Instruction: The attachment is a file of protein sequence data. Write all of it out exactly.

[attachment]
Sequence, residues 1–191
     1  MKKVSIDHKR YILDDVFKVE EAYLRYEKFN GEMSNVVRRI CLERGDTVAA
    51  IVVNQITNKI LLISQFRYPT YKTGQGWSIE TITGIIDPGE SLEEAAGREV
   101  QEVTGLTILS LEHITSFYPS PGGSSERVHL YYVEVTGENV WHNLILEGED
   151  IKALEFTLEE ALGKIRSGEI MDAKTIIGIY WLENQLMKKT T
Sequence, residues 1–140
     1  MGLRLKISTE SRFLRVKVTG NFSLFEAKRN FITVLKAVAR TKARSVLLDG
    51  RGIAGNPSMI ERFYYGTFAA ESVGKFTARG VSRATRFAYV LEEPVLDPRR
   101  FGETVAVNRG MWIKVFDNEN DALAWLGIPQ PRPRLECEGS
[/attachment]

Sequence, residues 1–191
     1  MKKVSIDHKR YILDDVFKVE EAYLRYEKFN GEMSNVVRRI CLERGDTVAA
    51  IVVNQITNKI LLISQFRYPT YKTGQGWSIE TITGIIDPGE SLEEAAGREV
   101  QEVTGLTILS LEHITSFYPS PGGSSERVHL YYVEVTGENV WHNLILEGED
   151  IKALEFTLEE ALGKIRSGEI MDAKTIIGIY WLENQLMKKT T
Sequence, residues 1–140
     1  MGLRLKISTE SRFLRVKVTG NFSLFEAKRN FITVLKAVAR TKARSVLLDG
    51  RGIAGNPSMI ERFYYGTFAA ESVGKFTARG VSRATRFAYV LEEPVLDPRR
   101  FGETVAVNRG MWIKVFDNEN DALAWLGIPQ PRPRLECEGS